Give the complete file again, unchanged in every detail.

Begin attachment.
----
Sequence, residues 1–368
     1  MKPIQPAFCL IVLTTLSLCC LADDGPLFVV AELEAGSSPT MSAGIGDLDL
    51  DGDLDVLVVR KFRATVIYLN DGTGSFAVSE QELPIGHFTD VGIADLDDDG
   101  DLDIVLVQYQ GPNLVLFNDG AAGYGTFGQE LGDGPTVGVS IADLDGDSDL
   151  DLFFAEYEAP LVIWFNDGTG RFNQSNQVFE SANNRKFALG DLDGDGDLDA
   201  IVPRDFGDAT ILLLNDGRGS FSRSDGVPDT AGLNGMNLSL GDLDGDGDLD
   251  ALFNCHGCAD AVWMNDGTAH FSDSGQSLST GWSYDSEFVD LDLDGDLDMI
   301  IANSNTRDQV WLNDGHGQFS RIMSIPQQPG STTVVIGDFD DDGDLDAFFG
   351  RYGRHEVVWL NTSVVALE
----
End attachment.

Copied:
Sequence, residues 1–368
     1  MKPIQPAFCL IVLTTLSLCC LADDGPLFVV AELEAGSSPT MSAGIGDLDL
    51  DGDLDVLVVR KFRATVIYLN DGTGSFAVSE QELPIGHFTD VGIADLDDDG
   101  DLDIVLVQYQ GPNLVLFNDG AAGYGTFGQE LGDGPTVGVS IADLDGDSDL
   151  DLFFAEYEAP LVIWFNDGTG RFNQSNQVFE SANNRKFALG DLDGDGDLDA
   201  IVPRDFGDAT ILLLNDGRGS FSRSDGVPDT AGLNGMNLSL GDLDGDGDLD
   251  ALFNCHGCAD AVWMNDGTAH FSDSGQSLST GWSYDSEFVD LDLDGDLDMI
   301  IANSNTRDQV WLNDGHGQFS RIMSIPQQPG STTVVIGDFD DDGDLDAFFG
   351  RYGRHEVVWL NTSVVALE